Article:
This is not to say that from this moment forward I will never find myself in hiding again—that I will magically become this absolutely transparent ball of Me-ness, completely impervious to the judgments, expectations and opinions of others. But I’m hoping that as I move deeper into my own internal fractal, that I can at least be aware of when I’m hiding, and own the fuck up to it to bring myself back to that place of internal honesty.

It is this space—this terrifying space inside of me that is wholly paradoxical, this place that wraps around fear and love simultaneously and sometimes gets confused and makes interesting life choices—that I make myself open to.

Because what else am I supposed to do? Keep myself in hiding… from myself? Pretend like I’m a ‘better person,’ or ‘more evolved,’ or ‘the best at bladibla?’ Am I really supposed to walk around with that sort of half-present ‘fake-it-till-you-make-it’ mentality, where I’m simply acting the way I think I should be acting based on ideas I’ve formed about how the world wants me to be? (Phew, that question was exhausting for me to even write down.)

The more I give space to myself to come into my honesty, the more the resounding answer to the aforementioned pseudo-rhetorical questions breaks into a huge vibrational certainty that booms out, “No!” and my internal world rapidly shakes, stuns and then, like that precise moment of a storm passing, pacifies into a pond of happy homogeny.

I am simply here to allow myself to be me, and to express that to the world. Because that’s what makes me feel simultaneously huge and completely clear.

And I feel that my internal kaleidoscope—that changes and morphs and becomes new every single moment—keeps moving and flowing freely when I guide myself back to honesty, instead of feeling stifled and forced, like when I throw a whole bunch of pretending and hiding into its gears.

I’m coming out of the towel-closet and out of pretending now.

And if that means saying ‘fuck’ in class, then that is what will fucking happen.

Just being honest.

 

 

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 Ed: B. Bemel

 

About Brentan Schellenbach

Brentan Schellenbach is a Chicago based yoga teacher and writer. She co-owns Fermata Yoga Center (FYC), a yoga studio based in the center of Chicago's Lincoln Park neighborhood. Through her work with writing, yoga and meditation, she is looking to promote the good-feeling of herself and the good-feeling of others. For writings and personal information, visit: BrentanSchellenbach.com For FYC, visit: FermataYoga.com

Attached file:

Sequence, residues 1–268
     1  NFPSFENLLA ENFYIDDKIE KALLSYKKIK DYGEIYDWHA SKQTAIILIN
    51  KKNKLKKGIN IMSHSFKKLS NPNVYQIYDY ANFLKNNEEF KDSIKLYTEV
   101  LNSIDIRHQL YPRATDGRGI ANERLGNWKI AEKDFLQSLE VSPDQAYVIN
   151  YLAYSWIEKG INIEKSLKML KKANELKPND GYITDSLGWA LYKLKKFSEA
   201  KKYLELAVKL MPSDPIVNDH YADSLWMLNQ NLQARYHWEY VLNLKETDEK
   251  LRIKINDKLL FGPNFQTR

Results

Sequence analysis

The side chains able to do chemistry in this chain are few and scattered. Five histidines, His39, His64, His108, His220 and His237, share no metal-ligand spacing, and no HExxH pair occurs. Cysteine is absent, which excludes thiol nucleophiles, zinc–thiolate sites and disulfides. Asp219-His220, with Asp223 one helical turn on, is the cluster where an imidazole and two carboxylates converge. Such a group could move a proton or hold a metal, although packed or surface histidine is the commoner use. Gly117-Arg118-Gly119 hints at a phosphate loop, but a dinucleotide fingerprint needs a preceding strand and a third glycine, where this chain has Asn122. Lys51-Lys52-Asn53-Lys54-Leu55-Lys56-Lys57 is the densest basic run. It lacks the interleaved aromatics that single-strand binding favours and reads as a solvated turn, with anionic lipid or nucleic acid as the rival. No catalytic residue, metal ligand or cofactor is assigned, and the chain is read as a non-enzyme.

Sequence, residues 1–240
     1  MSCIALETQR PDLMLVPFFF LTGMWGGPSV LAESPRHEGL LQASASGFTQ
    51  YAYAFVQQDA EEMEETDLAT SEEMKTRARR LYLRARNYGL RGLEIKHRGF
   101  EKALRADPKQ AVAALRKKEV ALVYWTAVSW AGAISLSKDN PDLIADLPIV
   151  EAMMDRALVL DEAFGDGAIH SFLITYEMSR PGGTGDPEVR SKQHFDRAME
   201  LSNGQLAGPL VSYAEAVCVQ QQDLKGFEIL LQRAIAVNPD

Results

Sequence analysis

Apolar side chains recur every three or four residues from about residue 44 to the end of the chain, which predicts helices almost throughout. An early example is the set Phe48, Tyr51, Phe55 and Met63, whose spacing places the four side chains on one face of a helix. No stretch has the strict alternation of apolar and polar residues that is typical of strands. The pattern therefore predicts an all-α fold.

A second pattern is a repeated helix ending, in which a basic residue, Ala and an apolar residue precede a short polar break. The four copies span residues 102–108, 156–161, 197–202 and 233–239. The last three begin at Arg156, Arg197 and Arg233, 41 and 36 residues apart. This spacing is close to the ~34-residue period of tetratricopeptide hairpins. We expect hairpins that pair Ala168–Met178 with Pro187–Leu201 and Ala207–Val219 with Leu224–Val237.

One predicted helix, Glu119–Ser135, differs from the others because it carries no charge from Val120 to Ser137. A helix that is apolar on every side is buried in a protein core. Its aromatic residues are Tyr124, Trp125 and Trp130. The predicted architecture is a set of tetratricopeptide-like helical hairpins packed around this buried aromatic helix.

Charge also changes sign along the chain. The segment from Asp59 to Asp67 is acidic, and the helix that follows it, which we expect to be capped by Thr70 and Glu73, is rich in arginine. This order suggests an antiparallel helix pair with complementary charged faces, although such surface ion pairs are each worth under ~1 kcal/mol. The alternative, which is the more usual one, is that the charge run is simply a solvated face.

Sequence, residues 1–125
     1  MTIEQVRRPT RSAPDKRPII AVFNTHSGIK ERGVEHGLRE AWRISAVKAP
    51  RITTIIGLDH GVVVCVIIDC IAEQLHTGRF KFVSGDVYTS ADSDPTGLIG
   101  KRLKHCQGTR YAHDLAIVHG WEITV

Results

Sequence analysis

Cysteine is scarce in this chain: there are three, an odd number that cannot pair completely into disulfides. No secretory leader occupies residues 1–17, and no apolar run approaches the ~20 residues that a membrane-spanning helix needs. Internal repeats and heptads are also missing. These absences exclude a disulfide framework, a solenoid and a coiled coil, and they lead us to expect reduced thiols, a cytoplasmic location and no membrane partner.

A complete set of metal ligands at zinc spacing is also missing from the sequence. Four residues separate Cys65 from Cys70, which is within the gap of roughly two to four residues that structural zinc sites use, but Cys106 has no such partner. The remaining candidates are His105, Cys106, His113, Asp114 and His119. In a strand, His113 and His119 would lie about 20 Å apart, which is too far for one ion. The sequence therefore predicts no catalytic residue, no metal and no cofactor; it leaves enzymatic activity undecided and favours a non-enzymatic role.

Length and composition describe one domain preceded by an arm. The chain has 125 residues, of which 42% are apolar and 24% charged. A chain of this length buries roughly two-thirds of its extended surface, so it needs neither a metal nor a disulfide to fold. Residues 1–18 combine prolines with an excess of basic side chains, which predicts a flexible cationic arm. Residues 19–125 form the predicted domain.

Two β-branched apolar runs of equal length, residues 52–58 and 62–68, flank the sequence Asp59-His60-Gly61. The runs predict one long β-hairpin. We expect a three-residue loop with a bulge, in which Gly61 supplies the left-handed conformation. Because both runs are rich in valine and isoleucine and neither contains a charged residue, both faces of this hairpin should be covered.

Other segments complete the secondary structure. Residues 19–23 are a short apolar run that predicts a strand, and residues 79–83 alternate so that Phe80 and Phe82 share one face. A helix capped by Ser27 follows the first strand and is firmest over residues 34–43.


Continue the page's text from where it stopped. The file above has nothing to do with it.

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3 Responses to “Sometimes I Say “F***” in Class.”

  1. Jennie says:

    I think as people, we are almost all guilty of pretending to be something we're not to one degree or another. I'm 55 and I still find myself occasionally pretending to 'get' things I really don't, etc., though the occasions has become fewer and fewer over the years. It just comes down to wanting to belong and feel accepted I think, although I can't imagine anyone I know being mean enough to shun me because I ask them to explain something. It's an interesting phenomena, isn't it?

  2. Joe Sparks says:

    Interesting article. In my perspective, the essence of rational human behavior consists of responding to each instant of living with a NEW response, created afresh at that moment to precisely fit and handle the situation of that moment as that situation is defined by the information received through the senses of the person. We do know what the right thing to do, always, and it is important to act on our intelligence not feelings. Thanks for sharing.

  3. Tiffany says:

    I love this. As a yoga teacher I too hear things fly out my mouth and think, "Did I really just say that?!" Love your authenticity. If i ever visit Chicago I will seek out your class.